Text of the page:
S U C K

"a fish, a barrel, and a smoking gun"
for 22 August 1996. Updated every WEEKDAY.
 

 
Hit & Run XLVIII

 

[Khakis]

Those of us who keep Fast

Company have known since March

that Levi's is changing

everything - their employee

handbook, their org charts,

their skivvies (sometimes twice

a day, as things are moving, you

know, so fast). From the New

York Times comes news of their

big plan for us guys and

butches: trousers that will

"fill a perceived wardrobe gap

between khakis and designer

dress slacks," and bring the

concept of cross-platform

branding about, oh, waist-high.

We figure, with Levi's prepared

to spend U.S. $20 million to

build a one-billion-dollar line

of drawers perfect for the

buttless white guy, to meet

their goal the pants will have

to flatter 250,000,000 buttocks

by 2006. Confidence in this goal

obviously rests on the

Pant-o-meter, and the "big black

hole in [the] hearts and minds

[of normal men] when it comes to

dress pants." If it isn't too

late, we know the perfect

spokesman.

 

[Mall]

In terms of high-profile hacks,

score one for big people

everywhere. This week, officials

at the Mall of America in

suburban Minneapolis ratified a

policy to prohibit children

under the age of sixteen from

hanging out on weekend nights

without the supervision of an

adult. Seems the world's largest

private shopping center is

intent on exterminating that

most postmodern of pests, the

mall rat. Some observers

couldn't help seeing a parallel

with the world's largest private

online service, notorious for

its not particularly enlightened

"Terms of Service." We're

prompted to ask who'll be the

first to discuss a merger and

sink a shovel on behalf of the

"Mall of America Online"?

 

[Chess]

If the most advanced chess

computer ever invented can get a

public whuppin' from some cranky

brainiac, then the roiling mass

of humanity doesn't stand much

of a chance, now does it? About

as thrilling (and fair) as a

write-off between Shakespeare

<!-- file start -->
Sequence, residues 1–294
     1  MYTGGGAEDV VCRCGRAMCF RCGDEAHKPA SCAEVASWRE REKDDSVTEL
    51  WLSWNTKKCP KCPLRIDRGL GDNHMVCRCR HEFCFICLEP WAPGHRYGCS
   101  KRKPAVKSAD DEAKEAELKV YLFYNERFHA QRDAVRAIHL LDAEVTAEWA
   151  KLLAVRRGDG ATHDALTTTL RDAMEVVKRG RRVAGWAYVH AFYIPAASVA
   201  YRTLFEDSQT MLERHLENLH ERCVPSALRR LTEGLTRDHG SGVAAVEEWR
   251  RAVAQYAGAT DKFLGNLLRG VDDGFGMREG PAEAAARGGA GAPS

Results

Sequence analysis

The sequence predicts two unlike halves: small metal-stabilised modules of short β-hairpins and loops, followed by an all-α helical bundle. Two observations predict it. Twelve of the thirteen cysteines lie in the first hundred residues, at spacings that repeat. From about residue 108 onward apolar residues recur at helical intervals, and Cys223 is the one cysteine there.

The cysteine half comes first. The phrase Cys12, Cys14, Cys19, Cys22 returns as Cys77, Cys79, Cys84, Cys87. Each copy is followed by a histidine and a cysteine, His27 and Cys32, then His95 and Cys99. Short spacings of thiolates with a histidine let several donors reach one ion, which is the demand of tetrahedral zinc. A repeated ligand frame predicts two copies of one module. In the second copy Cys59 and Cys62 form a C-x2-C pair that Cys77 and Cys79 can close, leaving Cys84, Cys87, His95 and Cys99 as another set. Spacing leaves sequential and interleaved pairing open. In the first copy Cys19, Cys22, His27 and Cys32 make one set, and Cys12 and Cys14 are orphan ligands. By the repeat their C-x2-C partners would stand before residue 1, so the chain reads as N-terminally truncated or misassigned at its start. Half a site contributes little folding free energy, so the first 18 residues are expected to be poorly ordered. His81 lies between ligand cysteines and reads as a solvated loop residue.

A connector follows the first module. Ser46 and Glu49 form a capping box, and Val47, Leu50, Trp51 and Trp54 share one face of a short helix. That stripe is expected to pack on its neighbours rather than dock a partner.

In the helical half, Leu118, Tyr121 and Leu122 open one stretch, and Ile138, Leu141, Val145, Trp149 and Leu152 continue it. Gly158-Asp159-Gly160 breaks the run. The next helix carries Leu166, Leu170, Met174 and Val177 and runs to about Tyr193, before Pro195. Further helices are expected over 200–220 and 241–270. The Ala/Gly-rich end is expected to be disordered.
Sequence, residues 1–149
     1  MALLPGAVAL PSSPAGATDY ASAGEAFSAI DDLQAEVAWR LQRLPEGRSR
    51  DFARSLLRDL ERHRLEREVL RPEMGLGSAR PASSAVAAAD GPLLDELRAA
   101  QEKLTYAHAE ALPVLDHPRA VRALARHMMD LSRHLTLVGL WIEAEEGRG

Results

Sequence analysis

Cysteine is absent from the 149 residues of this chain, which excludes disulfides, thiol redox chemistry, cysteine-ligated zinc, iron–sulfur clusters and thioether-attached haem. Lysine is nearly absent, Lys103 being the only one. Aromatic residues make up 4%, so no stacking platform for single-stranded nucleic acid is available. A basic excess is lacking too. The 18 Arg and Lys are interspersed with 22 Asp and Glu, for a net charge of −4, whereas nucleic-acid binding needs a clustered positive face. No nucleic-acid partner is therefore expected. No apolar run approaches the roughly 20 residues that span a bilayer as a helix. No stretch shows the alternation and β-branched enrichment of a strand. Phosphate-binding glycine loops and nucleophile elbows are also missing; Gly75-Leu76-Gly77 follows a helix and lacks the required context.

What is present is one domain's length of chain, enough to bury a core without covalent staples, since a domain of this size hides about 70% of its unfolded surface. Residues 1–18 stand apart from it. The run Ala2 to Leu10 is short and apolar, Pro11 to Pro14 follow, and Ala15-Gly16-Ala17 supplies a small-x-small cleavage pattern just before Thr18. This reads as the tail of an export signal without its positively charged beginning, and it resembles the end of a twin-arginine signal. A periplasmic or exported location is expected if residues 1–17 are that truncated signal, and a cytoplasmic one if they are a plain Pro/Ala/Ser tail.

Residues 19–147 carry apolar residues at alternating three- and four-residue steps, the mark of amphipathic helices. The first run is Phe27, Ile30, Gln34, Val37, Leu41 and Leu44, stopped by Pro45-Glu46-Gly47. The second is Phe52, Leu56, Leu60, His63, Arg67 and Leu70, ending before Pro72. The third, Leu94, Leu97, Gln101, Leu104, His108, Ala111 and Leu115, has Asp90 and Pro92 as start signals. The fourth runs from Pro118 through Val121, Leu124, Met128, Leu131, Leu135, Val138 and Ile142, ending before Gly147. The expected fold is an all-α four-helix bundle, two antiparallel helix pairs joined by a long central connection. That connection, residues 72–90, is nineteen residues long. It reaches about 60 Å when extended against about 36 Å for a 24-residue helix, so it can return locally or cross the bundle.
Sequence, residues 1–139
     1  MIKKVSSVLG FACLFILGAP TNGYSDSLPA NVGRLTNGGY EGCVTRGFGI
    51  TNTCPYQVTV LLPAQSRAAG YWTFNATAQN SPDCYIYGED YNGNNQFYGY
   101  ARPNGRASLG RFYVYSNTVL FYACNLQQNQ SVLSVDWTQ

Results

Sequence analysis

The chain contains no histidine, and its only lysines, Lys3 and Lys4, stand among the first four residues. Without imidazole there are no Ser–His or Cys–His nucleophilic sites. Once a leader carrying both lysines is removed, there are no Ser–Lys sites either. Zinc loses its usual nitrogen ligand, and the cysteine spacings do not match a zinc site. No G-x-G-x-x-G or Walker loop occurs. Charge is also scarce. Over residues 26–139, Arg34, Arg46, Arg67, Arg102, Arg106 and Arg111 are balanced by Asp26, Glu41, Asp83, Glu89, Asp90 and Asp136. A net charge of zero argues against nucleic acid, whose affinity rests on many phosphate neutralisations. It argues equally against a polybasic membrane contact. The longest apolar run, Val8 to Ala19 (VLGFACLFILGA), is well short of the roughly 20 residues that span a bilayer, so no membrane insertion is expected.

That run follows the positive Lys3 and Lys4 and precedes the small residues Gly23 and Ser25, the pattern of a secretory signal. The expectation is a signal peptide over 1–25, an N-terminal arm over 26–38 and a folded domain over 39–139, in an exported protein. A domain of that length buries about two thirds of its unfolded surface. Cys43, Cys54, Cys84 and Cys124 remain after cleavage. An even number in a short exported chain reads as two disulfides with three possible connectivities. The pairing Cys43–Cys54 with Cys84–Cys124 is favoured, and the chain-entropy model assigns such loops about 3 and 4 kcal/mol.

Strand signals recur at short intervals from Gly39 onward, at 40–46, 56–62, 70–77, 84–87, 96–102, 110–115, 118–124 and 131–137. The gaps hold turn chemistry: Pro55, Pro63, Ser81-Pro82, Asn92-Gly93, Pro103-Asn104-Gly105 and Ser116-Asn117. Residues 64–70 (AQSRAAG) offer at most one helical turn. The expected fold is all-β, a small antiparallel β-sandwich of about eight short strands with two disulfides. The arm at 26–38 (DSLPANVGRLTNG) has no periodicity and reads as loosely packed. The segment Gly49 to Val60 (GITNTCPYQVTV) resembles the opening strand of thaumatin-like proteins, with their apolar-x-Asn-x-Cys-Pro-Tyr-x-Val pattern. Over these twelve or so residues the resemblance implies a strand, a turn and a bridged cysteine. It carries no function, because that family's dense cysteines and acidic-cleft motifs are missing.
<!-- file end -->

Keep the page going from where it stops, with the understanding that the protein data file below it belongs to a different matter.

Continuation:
and an infinite number of

monkeys, Anatoly Karpov is going

to take on "the world" via the

Web on Monday. And, like

everything on the Web,

chess-by-democracy promises to

be a lot more scattershot than

insightful.

 

[Gorilla]

Last week's report of a Boy Scout

troop's overenthusiastic embrace

of their more primitive natures

prompted a correspondent to

forward us this new feed (of

indubitably dubious origin):

 

 HUNTINGTON BEACH, Calif.,                
Aug. 19 (UPI) - Responding to           
inquiries from wildlife                 
officials at Yosemite National          
Park and a federal prosecutor           
investigating the death of a            
two-year-old black bear, a              
spokesman for the besieged Boy          
Scout troop lashed out at the           
"liberal media establishment."          

"That East Coast simian                 
temptress nearly coaxes a little        
boy to his death but the press          
lets itself be hoodwinked into          
believing she played Good               
Samaritan," said Richard Jewell,        
public relations director of the        
Huntington Beach Boy Scouts of          
America. "A group of red-blooded        
youngsters get a little                 
overexcited after reading               
Shirley Jackson, and the liberal        
media establishment turns into a        
lynch mob!" Laws prohibiting            
minors from purchasing                  
California Lottery tickets only         
exacerbated the problem, Jewell         
explained.                              


courtesy of the Sucksters